Dark

The Truth About Vinyl - Vinyl vs. Digital

Real Engineering
Views 2 212 037
92% 45 318 3 423

Get 2 months of Skillshare for FREE using this link: skl.sh/realengineering17
New vlog channel: usvid.net/show-UCMet4qY3027v8KjpaDtDx-g
Patreon:
www.patreon.com/user?u=2825050&ty=h
Facebook:
facebook.com/realengineering1
Instagram:
instagram.com/brianjamesmcmanus
Twitter:
twitter.com/thebrianmcmanus
Discord:
discord.gg/s8BhkmN
References:
Get your Real Engineering shirts at: standard.tv/collections/real-engineering
Credits:
Narrator/Director: Brian McManus
Writer: Seán McManus
Co-Director: Stephanie Sammann (www.stephanie-sammann.com/)
Co-Director: Mike Ridolfi (www.moboxgraphics.com/)
Sound: Graham Haerther (haerther.net/)
Thumbnail: Simon Buckmaster twitter.com/forgottentowel

References:
[1] www.businessinsider.com/technology-is-changing-the-way-americans-listen-to-music-2017-11
[2] blog.echonest.com/post/62248127937/the-loudness-war-is-real-and-we-can-prove-it-with
[3] thevinylfactory.com/news/record-vinyl-sales-usa-first-half-2018/
[4] www.bbc.com/news/entertainment-arts-36027867
[5]web.archive.org/web/20060706192816/www.loe.ee.upatras.gr/Comes/Notes/Nyquist.pdf
[6]web.archive.org/web/20100208112344/www.stanford.edu/class/ee104/shannonpaper.pdf
[7]www.aes.org/aeshc/pdf/how.the.aes.began/aes_standard-playback-curve.pdf
'Disc Playback Characteristics', Wireless World, April 1956, p. 171.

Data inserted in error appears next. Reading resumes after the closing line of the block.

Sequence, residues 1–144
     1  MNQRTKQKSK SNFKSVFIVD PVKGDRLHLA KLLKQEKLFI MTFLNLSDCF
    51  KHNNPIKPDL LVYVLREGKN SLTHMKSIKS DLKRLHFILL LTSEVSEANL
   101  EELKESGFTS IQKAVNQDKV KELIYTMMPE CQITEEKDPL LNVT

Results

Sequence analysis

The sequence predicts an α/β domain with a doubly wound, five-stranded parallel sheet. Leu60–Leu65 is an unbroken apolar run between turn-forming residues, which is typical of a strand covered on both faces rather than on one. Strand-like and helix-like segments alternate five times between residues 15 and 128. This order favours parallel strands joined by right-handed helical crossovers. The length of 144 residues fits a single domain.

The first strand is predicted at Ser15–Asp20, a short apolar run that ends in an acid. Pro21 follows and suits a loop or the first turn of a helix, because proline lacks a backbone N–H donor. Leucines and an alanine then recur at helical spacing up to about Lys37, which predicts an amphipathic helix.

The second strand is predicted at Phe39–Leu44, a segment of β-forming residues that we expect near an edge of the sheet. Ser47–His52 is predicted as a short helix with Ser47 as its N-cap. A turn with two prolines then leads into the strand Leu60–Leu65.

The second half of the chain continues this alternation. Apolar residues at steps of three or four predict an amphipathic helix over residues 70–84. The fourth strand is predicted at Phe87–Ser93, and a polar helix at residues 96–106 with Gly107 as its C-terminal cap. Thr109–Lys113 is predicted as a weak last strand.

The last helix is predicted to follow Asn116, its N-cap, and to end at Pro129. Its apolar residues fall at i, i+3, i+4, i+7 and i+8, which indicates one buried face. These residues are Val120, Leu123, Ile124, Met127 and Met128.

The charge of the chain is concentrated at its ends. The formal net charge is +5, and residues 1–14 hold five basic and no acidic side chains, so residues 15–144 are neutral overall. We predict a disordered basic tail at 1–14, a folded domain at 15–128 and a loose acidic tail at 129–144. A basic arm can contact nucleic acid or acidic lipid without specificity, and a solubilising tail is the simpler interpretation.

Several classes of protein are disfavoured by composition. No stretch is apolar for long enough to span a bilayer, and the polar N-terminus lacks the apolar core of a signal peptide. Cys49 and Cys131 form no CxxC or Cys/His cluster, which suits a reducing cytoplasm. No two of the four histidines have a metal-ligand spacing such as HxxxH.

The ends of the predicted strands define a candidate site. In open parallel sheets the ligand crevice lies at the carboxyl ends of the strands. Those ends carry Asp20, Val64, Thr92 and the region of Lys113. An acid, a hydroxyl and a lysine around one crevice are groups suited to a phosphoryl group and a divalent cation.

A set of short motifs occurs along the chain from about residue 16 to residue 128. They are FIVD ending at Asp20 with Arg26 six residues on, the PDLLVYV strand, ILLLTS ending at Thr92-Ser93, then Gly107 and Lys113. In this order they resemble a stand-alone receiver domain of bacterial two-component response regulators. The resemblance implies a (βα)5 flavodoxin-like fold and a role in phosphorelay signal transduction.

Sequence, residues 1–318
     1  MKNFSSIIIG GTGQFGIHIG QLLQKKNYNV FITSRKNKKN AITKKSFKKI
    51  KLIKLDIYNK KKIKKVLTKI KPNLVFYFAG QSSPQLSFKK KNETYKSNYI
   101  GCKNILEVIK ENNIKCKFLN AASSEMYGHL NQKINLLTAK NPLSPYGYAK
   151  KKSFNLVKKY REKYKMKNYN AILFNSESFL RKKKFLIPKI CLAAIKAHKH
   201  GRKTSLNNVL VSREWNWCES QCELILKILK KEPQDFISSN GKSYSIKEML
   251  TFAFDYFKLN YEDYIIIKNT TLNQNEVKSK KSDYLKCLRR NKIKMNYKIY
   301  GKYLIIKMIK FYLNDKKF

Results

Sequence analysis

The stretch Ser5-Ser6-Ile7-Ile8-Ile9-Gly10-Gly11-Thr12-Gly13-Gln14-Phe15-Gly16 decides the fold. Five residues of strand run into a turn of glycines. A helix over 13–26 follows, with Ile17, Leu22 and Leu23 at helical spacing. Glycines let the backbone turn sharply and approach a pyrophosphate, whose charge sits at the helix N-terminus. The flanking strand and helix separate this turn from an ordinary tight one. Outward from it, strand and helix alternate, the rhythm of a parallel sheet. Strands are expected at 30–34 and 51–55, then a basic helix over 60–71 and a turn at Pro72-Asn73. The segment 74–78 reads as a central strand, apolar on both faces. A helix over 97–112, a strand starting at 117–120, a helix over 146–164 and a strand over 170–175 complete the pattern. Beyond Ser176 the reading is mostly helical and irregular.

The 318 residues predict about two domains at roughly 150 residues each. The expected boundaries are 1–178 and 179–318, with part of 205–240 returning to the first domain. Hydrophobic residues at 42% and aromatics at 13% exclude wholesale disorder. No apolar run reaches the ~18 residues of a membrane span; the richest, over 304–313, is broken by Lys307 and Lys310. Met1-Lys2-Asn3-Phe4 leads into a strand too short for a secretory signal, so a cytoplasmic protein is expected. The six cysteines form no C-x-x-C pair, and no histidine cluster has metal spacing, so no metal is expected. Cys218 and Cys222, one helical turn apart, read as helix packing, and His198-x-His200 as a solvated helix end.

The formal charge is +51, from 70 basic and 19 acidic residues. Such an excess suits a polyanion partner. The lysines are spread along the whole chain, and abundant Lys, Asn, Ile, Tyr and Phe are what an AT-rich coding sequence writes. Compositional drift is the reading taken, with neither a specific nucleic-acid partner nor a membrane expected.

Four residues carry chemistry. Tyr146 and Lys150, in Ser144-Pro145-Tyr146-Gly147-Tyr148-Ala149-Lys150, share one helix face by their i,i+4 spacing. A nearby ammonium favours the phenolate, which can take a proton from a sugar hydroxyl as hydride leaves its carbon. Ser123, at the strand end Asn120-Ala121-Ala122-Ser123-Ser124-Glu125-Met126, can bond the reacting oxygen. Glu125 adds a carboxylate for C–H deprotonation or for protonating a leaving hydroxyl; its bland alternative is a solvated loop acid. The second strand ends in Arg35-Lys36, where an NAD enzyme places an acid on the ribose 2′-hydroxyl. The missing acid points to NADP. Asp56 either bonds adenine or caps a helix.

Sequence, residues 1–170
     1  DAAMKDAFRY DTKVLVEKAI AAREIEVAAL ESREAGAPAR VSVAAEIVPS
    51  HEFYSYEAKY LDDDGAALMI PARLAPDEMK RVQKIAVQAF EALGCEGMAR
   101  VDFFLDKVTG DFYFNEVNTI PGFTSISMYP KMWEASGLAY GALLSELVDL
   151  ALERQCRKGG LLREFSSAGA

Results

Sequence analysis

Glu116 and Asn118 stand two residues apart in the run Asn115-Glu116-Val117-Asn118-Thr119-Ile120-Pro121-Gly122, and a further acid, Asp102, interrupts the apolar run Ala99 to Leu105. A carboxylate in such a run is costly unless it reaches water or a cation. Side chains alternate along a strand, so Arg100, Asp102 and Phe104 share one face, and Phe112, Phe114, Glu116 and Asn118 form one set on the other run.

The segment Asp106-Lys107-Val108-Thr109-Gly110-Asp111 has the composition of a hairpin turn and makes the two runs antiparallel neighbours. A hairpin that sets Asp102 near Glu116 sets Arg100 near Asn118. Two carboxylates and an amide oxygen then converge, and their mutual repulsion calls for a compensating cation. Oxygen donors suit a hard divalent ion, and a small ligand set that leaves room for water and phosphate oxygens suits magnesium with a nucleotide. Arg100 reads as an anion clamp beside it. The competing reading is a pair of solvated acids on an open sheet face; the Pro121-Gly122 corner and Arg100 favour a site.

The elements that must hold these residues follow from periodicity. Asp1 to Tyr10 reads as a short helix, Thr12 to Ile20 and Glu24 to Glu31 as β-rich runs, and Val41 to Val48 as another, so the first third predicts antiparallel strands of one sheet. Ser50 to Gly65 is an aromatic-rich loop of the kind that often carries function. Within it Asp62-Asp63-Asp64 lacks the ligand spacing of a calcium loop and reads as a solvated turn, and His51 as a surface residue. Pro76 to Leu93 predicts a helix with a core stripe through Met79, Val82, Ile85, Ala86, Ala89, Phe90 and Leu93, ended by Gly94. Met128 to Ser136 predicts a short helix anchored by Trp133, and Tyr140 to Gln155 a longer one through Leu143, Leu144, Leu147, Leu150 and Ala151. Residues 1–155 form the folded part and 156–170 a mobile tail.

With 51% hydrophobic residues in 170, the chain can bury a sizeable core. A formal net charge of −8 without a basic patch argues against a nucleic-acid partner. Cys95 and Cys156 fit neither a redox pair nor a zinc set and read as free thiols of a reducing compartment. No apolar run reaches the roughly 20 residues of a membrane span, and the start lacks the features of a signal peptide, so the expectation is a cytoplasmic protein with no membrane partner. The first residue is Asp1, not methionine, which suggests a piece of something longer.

[8]drewdaniels.com/audible.pdf
[9]www.acrwebsite.org/search/view-conference-proceedings.aspx?Id=7326
[10]www.theguardian.com/technology/2013/nov/25/pop-music-louder-less-acoustic
[11]web.archive.org/web/20100825003547/mixonline.com/mag/audio_big_squeeze/

Music by Epidemic Sound: epidemicsound.com/creator
Songs:
Future Yellow - Ooyy
Wear The Crown - Pure Indigo
A Nifty Piece Of Work - Anders Bothén
Sunday - Otis McDonald
Twenty Seconds Later (Instrumental Version) - Tommy Ljungberg
Thank you to my patreon supporters: Adam Flohr, Henning Basma, Karl Andersson, Mark Govea, Hank Green, William Leu, Jason A., Chris Plays Games, Tristan Edwards, Ken Coltan, Andrew McCorkell, Ian Dundore, John & Becki Johnston. Nevin Spoljaric, Jason Clark, Christopher Lam, Deven Warren Rathbun.

Science & Technology

Published on

 

Nov 30, 2018

Share:

Link:

Download:

Loading link...

Add to:

My playlist
Watch later
Comments 12 594
freedom lover
freedom lover 5 hours ago
I have boxes of vinyl and even more cds. That said, besides the ritual of collecting and playing the record, I'm not sure why anybody would still want to spin a vinyl record; so annoying are the distortions, the surface noise and the continuous midrange whine from the needle drag. Is this really high end? Even the "warm, rich sound" is coloration, a plastic tone from the vinyl matetial itself in the signal path. No doubt there are bad masterings on cd, but there are just as many on vinyl. And there is NO LEGITIMATE way to compare a cd and a record since the masterings are never exactly the same. And even if they were exactly the same, what about the difference in the players themselves, the turntable and the CD player? Again, when directly comparing the two it will always be like comparing apples with oranges.
JJ333 Torus
JJ333 Torus 8 hours ago
20kHz for the ear disregards what we feel. Chemical reactions result from exposure to frequencies, even the ones we don't hear.
ReaktorLeak
ReaktorLeak 2 hours ago
Evidence? www.psaudio.com/article/audio-myths/
Tom Servo
Tom Servo 13 hours ago
I believe those analog studies were done by comparing high quality cassettes to CDs.
gegloff1
gegloff1 22 hours ago
Great lesson in the history and mechanics of recorded sound. Thank you for putting this together. Shout out to ProTools, Logic Audio, and Digital Performer as great professional audio software (in addition to the acknowledged FL and Ableton.)